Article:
UMFK environmental sociology class produces biomass film
FORT KENT– In the wake of the installation of the new biomass plant at the University of Maine at Fort Kent, Associate Professor of Environmental Studies and Behavioral Sciences Soraya Cardenas’ environmental sociology class is producing a 20 to 30 minute documentary film for the town of Fort Kent about the issues associated with producing, distributing, and utilizing renewable energy locally.
The film is tentatively titled “In Search of Affordable Heat: Aroostook County, Maine.”
With the National Science Foundation-funded and ME EPSCoR Sustainability Solutions Initiative- supported documentary research, Cardenas and her 24 students, Intern Greg McIntosh, and production and technological advisor Aaron Bernstein, who is UMFK’s Assistant Director of Media Services, have collaborated to provide an answer to the question, “Is biomass (wood and grass) a realistic sustainable solution alternative to oil in Aroostook County?”
Demographic research indicates that the Aroostook population is an older, declining, less-educated, and poor population (median income in Aroostook is approximately $10,000 a year less than the overall Maine median and $20,000 less than the U.S. median), which presents challenges to developing a biomass-based economy or infrastructure, said Cardenas. From the difficulties for an older population inherent in the labor-intensive nature of heating with biomass products to the prohibitive cost of installing a biomass burner in a population in which many cannot afford a home, much less a heating furnace upgrade, the benefits to biomass would have to be substantial to overcome the challenges posed.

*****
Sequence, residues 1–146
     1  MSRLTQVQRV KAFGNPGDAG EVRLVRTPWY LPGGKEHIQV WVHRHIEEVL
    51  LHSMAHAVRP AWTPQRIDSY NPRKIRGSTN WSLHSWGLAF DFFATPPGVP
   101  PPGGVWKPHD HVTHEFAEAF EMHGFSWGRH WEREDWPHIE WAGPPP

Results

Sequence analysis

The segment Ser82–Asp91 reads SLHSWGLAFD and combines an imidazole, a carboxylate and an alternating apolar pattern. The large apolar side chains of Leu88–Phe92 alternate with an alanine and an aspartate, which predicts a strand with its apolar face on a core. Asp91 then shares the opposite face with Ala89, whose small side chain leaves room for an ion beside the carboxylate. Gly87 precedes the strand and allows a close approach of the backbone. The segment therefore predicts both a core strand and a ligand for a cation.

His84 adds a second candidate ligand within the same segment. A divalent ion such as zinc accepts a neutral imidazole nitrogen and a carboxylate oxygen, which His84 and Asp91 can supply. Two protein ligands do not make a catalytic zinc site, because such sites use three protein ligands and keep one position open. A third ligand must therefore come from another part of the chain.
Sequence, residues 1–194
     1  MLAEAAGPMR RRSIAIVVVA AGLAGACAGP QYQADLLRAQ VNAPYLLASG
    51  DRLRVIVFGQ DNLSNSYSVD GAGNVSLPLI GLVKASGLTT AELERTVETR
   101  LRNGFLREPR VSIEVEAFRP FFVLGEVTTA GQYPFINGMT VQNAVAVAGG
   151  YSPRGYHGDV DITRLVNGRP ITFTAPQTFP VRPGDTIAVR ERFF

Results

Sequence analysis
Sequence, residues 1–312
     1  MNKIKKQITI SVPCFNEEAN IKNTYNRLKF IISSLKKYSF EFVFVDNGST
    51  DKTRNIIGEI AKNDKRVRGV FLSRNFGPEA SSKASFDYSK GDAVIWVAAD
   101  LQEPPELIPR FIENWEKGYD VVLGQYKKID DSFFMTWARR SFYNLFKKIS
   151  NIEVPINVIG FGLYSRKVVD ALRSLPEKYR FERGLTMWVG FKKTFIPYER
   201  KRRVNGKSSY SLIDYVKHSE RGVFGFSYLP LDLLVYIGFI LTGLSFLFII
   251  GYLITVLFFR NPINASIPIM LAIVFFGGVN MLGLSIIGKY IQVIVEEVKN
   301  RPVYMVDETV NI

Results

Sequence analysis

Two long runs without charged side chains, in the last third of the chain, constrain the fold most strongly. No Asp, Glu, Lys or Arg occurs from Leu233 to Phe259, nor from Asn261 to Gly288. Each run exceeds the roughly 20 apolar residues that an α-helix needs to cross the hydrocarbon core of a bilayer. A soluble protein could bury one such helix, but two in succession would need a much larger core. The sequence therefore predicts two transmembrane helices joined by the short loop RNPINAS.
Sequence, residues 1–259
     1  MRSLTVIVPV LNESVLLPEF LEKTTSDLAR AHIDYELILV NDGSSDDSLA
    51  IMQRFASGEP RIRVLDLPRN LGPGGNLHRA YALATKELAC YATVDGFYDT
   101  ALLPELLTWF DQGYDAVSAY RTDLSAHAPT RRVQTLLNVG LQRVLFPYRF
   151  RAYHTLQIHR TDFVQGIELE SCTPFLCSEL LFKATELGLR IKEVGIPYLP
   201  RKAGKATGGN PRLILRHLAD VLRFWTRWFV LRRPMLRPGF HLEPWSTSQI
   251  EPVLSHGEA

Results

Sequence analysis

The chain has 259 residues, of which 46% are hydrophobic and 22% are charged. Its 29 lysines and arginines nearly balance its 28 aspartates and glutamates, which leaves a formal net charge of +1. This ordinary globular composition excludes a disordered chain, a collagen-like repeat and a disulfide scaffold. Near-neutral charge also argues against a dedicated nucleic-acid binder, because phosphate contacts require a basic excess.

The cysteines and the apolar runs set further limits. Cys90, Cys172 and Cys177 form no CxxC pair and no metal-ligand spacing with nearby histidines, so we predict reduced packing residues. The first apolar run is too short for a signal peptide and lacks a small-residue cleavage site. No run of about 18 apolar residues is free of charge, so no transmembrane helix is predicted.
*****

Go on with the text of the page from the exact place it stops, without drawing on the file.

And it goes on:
The fact that heating oil prices have raised so high that they comprise ten percent of a $36,000 a year income may provide that incentive, however. For Aroostook County’s population, heating with oil at those prices may be economically non-feasible.
Decisions around heating budgets affect more than just the older residents. Cardenas pointed out that heating oil prices and consequent decisions affect the future of local children as well, when school board decisions are based on cutting spending partially in response to rising expense costs.
According to a graph produced in the New York Times in January of this year, New England is highly dependent on heating with oil, with Maine one of the most dependent states in the United States, aside from Alaska. Cardenas’ research indicates that approximately ten percent of the total U.S. population is dependent on oil to heat their homes. In Maine, that figure rises to 76 percent, a staggering increase. With that dependency in mind, for every $1 increase in heating oil prices, $250 million dollars leaves the state of Maine every year.
The class project will be one of the projects showcased in the upcoming Scholar’s Symposium at UMFK on April 20, where the class will present to the public a more in-depth look at these issues. The National Science Foundation has also provided funding for several other groups on campus, including projects led by professors Kim Borges, Dave Hobbins, and Kurt Holzhausen. Cardenas is anticipating the use of a smaller, five-minute, supplementary video on what biomass is, produced by Greg McIntosh and Bernice Michaud with the assistance of Bernstein, by the Northern Maine Development Commission to help educate the public about biomass.
The Environmental Sociology class will premiere the documentary on May 4at 11 a.m. and again at 6 p.m., likely in the Fox Auditorium at UMFK.
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